Asked about whether he has a preference for television or novels, Leonard maintains that he does not. To him, they are very different experiences and he explains, “Novels are very much a singular and personal experience, whereas TV is more collaborat[ive] and almost familial; some of the friends I’ve made in TV will be life-long. When you spend 8 to 10 hours a day with writers working on a show, a natural camaraderie develops, and I’m grateful for some of the friends I’ve made. This is what a lot of new writers don’t necessarily understand about TV—it’s not just the writing; there’s a communal aspect to making TV that requires more than just being a great writer: you need to be a part of a family.”
At least for the immediate future, Leonard seems to be focusing on television and film, and he is working on a multitude of different projects. When asked what is up next for him he replies, “I’m still a part of Snowfall (we’re done shooting the first season but are still editing), and I’m working on a few different TV projects in various stages. Some projects I’ll pitch; others I’ll write on spec; others I’ll work with directors or producers. At this very moment (literally today): I prepped a pitch based on a memoir about a stripper and sex worker; I met with comic book creators about adapting their comic book for TV; I read a draft of a feature screenplay which I was hired to do a revision for and which the first writer did another great draft; I worked on a spec pilot; and I’m prepping for a meeting with a director who wants to direct a TV version of a feature, which I hope to adapt. So I move from project to project, which is fun.” Just a simple day in the office.
The number of projects on his plate might seem overwhelming to some, but hearing him describe his work ethic it comes as no surprise. Aspiring writers often hear the advice, ‘write every day’, and he certainly takes that adage to heart. Leonard writes every day, and he has been doing so since high school. These days, a typical day for him starts very early, around 4:00 or 5:00 a.m. If he’s on a show he heads straight to the office, and if he’s not on a show it’s gym first and then off to write. And he keeps at it all day, with the occasional meetings and calls interspersed between. As Leonard acknowledges, such discipline might seem “punishing” to some, but not if one enjoys the process of writing as much as he does.
That does not mean that everything he writes is publisher or screen-ready. Rather, Leonard emphasizes how often much of what he writes he ends up throwing away immediately afterward. He explains, “Then I look at what I’ve written and usually throw it out. But each draft gets honed and crafted, and the more I write and throw out, the closer I get to finding the jewel amidst the choss.”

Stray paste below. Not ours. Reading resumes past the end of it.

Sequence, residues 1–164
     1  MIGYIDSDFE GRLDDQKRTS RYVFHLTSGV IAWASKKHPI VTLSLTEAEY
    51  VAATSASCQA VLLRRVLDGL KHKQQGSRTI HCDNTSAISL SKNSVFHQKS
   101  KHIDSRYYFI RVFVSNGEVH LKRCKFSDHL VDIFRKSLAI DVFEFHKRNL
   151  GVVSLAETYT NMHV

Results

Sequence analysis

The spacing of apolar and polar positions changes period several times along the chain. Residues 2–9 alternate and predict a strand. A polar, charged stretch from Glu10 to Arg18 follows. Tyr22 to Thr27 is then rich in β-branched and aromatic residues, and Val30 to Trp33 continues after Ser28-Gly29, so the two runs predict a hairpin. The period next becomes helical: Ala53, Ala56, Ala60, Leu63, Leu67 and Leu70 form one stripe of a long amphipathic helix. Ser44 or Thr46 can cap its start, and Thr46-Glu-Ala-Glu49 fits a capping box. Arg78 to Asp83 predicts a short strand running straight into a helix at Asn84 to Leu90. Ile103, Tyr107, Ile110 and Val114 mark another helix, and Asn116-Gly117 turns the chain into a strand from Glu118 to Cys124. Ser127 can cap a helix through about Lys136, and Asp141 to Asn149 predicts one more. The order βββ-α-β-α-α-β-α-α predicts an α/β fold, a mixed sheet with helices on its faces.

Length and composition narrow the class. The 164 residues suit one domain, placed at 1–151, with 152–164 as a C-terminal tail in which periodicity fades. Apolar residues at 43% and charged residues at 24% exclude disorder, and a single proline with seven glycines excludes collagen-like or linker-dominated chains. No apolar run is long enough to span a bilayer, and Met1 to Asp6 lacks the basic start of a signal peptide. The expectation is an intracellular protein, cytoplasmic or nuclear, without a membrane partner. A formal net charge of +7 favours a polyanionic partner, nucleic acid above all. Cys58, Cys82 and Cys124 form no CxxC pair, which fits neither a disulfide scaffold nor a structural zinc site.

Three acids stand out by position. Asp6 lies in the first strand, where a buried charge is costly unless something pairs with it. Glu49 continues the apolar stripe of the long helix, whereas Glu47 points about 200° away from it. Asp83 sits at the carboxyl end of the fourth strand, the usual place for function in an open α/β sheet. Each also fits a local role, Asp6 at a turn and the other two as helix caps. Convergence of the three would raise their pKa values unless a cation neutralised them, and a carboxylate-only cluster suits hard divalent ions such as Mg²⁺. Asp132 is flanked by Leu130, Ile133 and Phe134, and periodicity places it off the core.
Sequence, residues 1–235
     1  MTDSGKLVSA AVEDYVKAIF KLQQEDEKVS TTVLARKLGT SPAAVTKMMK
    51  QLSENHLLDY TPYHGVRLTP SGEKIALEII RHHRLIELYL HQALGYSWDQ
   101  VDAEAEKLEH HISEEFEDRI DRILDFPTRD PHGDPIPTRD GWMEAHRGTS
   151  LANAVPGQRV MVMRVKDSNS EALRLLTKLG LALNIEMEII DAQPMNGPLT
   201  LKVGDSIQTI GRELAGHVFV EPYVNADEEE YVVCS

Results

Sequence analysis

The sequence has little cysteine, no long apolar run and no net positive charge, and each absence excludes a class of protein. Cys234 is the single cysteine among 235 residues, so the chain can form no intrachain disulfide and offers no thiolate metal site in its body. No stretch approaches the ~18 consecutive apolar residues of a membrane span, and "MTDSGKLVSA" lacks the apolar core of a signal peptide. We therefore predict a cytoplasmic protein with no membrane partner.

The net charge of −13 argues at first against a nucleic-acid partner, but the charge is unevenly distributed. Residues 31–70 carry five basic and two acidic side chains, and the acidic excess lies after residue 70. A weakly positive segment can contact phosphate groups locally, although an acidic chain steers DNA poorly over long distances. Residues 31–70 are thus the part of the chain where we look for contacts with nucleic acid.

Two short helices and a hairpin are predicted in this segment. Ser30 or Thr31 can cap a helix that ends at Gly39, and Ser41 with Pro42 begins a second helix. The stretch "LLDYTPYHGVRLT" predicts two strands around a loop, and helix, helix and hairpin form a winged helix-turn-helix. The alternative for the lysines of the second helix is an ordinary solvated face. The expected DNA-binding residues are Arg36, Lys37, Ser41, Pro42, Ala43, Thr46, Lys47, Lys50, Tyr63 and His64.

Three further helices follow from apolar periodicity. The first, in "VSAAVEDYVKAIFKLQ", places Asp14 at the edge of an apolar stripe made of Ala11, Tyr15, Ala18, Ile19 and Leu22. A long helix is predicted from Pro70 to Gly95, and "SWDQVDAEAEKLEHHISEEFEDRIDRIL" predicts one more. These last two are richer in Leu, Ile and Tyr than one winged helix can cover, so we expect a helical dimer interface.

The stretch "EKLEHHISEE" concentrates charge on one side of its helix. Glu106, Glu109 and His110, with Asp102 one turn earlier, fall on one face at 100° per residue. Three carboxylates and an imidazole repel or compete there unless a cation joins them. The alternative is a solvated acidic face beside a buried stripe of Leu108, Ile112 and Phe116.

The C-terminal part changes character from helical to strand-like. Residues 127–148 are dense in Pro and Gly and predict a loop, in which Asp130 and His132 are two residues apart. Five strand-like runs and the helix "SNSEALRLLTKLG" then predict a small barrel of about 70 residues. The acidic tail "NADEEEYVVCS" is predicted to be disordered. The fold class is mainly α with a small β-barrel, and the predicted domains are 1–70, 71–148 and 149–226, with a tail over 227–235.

He recommends the same process to aspiring writers, “If you want to write, you should be writing—and writing every day. No excuses. I know everyone has busy and full lives, but if you really want to write and have a creative life, then you must prioritize it. Forget about the Muse and being inspired to write—it’s a skill, a craft, a muscle, a way to see the world, and the more you do it the better you get. Here’s where you start: give yourself a daily goal. Write one page a day. It doesn’t have to be good. In fact it will probably suck, but that’s okay. Because if you write one page a day, then in 30 days you have a half-hour script; 60 days you have a hour pilot; four months you have a feature; nine months you have a novel. Then you throw it out and start over. And guess what, in another few months you have a better version. But more importantly you find your rhythm, your routine, and you begin to understand how important writing is to your life, and then the product becomes less vital than the process, and everything from there is gravy.”
This final statement gets at the core of Leonard’s motivation and writing philosophy. His own personal motivation for writing is that he enjoys the process so much, and he does not place as much emphasis on the finished product. Of course he wants his work to be genuine and authentic and resonate with the reader, but at the end of the day he writes for himself. His test? The following question: “Will I work on something even if no one but me will read it? If the answer is yes, then I do it. Writing is not just a job or a profession—it is very much a way of life for me; it helps me assimilate and process the world around me.”
This philosophy is something he shares with some of his favorite writers. In reading their biographies Leonard noticed a theme: “What struck me about many of my favorite writers is that even if they suspected they would never be successful or famous or rich, they couldn’t not write.”
He continues on to recall a particularly memorable anecdote. “When Faulkner was in his 30s he was getting rejected by everyone. He thought his career was over. He literally thought he would never be published again. His previous novels [had] failed, either commercially or creatively. But rather than demoralizing him, it liberated him. He wrote: ‘One day I seemed to shut a door between me and all publishers’ addresses and book lists. I said to myself, Now I can write. Now I can make myself a vase like that which the old Roman kept at his bedside and wore the rim slowly away with kissing it.’ And he then went on to write one of his greatest novels, The Sound and the Fury. That always struck me as the key. Now I can write. That’s the feeling you should always aspire to. F— everyone else. Now I can write.”